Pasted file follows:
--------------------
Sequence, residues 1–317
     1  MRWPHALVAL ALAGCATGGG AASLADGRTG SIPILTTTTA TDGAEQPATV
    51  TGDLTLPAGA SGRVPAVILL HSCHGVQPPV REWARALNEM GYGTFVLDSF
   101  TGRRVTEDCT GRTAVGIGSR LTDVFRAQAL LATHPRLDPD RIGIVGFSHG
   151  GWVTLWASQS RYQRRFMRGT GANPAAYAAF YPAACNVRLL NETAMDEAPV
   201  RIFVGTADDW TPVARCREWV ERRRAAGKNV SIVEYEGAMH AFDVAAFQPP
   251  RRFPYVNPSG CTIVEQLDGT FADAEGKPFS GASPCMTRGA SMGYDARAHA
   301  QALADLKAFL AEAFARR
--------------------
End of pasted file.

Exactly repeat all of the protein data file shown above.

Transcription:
Sequence, residues 1–317
     1  MRWPHALVAL ALAGCATGGG AASLADGRTG SIPILTTTTA TDGAEQPATV
    51  TGDLTLPAGA SGRVPAVILL HSCHGVQPPV REWARALNEM GYGTFVLDSF
   101  TGRRVTEDCT GRTAVGIGSR LTDVFRAQAL LATHPRLDPD RIGIVGFSHG
   151  GWVTLWASQS RYQRRFMRGT GANPAAYAAF YPAACNVRLL NETAMDEAPV
   201  RIFVGTADDW TPVARCREWV ERRRAAGKNV SIVEYEGAMH AFDVAAFQPP
   251  RRFPYVNPSG CTIVEQLDGT FADAEGKPFS GASPCMTRGA SMGYDARAHA
   301  QALADLKAFL AEAFARR